Even though Freiburg is thousands of kilometers away from his home in Pakistan, Syed Emmad Tariq Fatimi had heard of the city in the German state of Baden-Württemberg and knew that, among other things, it is considered one of the greenest cities in the world. That was not the only reason Syed relocated for a master program after completing his bachelor studies in electrical engineering in Karachi. He says sustainable energies are important around the world and Germany has an excellent reputation in this sector. He chose Freiburg because of the extensive research conducted there. “Several renowned Fraunhofer institutes are located in the city, including one for solar energy systems,” the 25-year old student explains.
Syed has started his third semester in Renewable Energy Engineering and Management at Albert-Ludwigs-Universität. He will need to complete four semesters to receive a Master of Science. All courses, seminars and tests are conducted in English. “Because the market for sustainable energies is global, you need to be fluent in English and able to negotiate in the language,” says Syed.
Students from 16 countries
Before enrolling, Syed had to take a test to prove his command of the English language. Like his peers from Germany, Syed has had no problems following the course material. The students often speak English among themselves because they come from 16 countries including India, Turkey and Italy.
Syed’s curriculum for the first year included general topics such as energy generation and supply. He learned about the EU’s directives on emissions as well as about complications in the power grid and how they can be resolved. In addition, Syed was taught human resource management, staff communications and other aspects of management. “In the third semester you are required to select a major,” he says. Syed chose photovoltaics – the conversion of light energy to electrical power – and plans to write his master thesis on the subject.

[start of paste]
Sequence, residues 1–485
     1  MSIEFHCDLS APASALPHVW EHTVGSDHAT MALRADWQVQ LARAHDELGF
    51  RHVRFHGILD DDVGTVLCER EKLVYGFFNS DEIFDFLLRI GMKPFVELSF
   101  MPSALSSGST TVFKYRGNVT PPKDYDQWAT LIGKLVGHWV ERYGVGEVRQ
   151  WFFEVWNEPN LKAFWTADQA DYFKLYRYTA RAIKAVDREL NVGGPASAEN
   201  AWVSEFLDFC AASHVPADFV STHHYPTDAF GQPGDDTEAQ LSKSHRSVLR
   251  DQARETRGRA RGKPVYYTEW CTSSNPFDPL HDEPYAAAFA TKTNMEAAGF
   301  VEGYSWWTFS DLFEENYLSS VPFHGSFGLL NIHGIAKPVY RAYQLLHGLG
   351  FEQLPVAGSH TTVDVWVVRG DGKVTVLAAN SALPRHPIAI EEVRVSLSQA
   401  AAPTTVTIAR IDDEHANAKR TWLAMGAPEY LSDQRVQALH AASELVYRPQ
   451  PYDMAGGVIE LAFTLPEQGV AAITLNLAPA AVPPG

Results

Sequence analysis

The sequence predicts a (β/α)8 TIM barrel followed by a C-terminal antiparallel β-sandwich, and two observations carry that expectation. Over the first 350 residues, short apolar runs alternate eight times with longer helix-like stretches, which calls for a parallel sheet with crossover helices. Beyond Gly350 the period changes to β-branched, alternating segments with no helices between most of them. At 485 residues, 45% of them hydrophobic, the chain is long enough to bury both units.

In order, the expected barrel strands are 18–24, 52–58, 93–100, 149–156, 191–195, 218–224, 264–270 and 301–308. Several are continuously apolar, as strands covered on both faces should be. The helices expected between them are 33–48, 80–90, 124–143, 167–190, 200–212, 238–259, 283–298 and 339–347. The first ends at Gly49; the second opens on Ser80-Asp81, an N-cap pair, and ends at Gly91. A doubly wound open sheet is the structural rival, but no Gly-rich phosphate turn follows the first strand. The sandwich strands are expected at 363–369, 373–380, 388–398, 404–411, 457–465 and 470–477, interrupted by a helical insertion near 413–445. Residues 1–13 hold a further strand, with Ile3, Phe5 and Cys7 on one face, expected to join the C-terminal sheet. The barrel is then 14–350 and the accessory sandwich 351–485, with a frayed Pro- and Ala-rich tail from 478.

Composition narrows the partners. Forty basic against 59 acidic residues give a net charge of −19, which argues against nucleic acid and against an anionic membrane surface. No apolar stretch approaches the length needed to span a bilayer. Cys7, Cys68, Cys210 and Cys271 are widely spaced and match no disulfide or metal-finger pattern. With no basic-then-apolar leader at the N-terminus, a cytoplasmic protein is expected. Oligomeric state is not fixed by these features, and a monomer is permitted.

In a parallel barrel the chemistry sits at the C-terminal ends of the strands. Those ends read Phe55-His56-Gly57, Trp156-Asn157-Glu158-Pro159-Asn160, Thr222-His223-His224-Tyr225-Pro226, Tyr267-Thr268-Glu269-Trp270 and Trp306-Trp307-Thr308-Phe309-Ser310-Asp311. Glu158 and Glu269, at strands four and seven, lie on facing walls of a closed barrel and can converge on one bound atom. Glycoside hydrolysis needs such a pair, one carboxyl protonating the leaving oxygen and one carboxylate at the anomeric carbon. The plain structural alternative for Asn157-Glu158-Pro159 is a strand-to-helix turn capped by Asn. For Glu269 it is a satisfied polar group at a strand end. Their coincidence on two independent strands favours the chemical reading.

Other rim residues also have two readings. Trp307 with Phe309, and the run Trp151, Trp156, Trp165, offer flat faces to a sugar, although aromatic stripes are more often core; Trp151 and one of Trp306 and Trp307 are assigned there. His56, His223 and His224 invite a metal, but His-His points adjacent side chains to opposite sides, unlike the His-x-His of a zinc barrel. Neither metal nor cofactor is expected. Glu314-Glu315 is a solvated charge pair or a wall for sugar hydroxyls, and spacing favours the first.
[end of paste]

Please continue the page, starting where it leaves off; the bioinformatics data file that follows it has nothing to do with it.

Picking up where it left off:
Most global projects conducted in English
Before embarking on this task, Syed will do a practical semester at the Fraunhofer Institute for Solar Energy Systems. This is somewhat unusual because the study program mandates a shorter practical period after the first year rather than an entire semester. Also, studying abroad for a semester is not part of the program. However, Syed’s professors encouraged him to intensify his knowledge about renewable energies in the field and helped him find a spot at Fraunhofer.
After his studies, Syed would like to work in Germany. “I dream of having a position in Germany in a company that deals with photovoltaics or other renewable energies.” Alternatively, Syed would like to advise companies on the topic. Even though most international projects are conducted mainly in English, Syed knows “German is the in-house language in most companies here. That is why I want to improve my German language skills – so I can start my professional career in this country.”